Tag Archives: advertising effectiveness

Spot the difference – 1957 vs. now

The one thing that HRH Queen Elizabeth II is probably most proud of in her now diamond-encrusted reign is, of course, the development of British TV over her reign into the world-class industry it is today.  Her coronation was the prompt for many British families to invest in their first TV set, so they could gather round and squint at tiny TV screens that the average tablet would now put to shame.  Three years of set growth later, and the jewel in HRH’s TV crown, commercial TV, was born in 1955.  She must be thrilled at how well it has performed since then.

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Fannying about with fans

Facebook fans; they’re fantastic. They’re every marketer’s fantasy. We all fancy as many as we can get. But not all marketers are fanatics; for some it is fandabbydozy, for others it is all still new-fangled and unproven.

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There, but for the grace of God, went I

So I join Thinkbox to oversee its research and, at almost exactly the same time, Tess Alps posts a scathing blog sending up bad media research. Was this some sort of timely hint? I’ve barely discovered where the kettle is and it has been made publicly very clear to me that any research I do is subject to the highest standards. A hint of hypocrisy and I’m toast. No pressure then.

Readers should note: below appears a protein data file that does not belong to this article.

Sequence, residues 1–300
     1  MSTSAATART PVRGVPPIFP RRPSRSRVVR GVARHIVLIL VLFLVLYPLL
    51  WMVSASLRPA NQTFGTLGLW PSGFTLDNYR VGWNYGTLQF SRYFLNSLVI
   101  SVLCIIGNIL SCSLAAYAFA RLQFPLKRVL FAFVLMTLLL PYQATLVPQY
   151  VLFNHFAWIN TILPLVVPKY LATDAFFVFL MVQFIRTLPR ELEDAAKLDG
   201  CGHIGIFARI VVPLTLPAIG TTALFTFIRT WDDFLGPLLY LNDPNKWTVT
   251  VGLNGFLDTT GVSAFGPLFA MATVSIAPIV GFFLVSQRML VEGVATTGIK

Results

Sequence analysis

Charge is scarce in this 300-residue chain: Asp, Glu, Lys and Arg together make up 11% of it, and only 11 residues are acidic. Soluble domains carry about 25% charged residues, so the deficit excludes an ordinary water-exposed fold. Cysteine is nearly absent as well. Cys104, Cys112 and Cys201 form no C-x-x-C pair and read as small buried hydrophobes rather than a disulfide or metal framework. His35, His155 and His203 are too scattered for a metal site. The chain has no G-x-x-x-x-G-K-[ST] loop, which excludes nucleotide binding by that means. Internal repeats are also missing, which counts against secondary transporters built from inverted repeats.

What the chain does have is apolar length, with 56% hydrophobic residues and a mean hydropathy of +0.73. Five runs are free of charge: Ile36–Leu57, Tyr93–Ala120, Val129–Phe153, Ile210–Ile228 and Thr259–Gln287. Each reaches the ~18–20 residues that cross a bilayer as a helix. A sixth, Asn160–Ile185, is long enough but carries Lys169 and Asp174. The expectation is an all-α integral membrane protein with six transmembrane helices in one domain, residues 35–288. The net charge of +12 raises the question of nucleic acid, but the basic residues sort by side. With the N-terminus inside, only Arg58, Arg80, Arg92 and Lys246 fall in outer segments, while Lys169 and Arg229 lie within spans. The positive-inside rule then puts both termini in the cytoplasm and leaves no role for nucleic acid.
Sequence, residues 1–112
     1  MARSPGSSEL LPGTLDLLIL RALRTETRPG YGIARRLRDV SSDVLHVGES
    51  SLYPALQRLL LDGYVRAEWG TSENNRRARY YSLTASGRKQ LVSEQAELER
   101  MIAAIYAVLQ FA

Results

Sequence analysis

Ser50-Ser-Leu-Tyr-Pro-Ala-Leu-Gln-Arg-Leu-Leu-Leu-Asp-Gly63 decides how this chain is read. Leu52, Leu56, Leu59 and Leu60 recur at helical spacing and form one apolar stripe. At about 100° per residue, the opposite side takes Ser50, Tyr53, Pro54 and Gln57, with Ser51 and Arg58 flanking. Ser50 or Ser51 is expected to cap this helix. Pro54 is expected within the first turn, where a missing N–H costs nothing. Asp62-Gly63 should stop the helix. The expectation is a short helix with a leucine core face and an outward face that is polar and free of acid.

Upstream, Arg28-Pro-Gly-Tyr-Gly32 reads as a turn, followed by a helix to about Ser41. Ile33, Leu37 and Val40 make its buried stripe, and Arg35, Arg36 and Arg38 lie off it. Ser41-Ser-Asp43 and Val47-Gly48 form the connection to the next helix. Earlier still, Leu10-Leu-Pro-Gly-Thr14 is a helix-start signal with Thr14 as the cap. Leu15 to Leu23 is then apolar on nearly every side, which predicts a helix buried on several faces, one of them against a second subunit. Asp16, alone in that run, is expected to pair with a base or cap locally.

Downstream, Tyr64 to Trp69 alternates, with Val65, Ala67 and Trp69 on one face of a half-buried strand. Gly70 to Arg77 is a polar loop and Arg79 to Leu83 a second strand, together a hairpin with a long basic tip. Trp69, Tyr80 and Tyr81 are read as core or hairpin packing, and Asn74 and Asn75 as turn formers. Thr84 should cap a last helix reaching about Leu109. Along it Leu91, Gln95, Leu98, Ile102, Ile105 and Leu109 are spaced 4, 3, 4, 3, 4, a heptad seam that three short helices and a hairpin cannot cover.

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Milking TV’s goodness

Well, Yeo Valley nailed it, they gave it 120%, they took that ad break and they made it their own. They even, to use a couple of Kelly Rowland-isms, both “brought it” and “put it dowwwn!”

BBH’s new TV ad for Yeo Valley is an impeccable and affectionate parody of boy band videos that was hugely entertaining and extremely well branded, but it was also a masterclass on how and why great creative TV advertising works as well as it does. Read more on Milking TV’s goodness…

Quality time

Time to look at time again.  As we await the IAB’s half-yearly update on internet ad revenue, Sir Martin Sorrell’s recent comments about the proportion of people’s time spent online compared to the proportion of online advertising money have come to mind.  His belief is that online media are being under-invested in compared to the time spent online.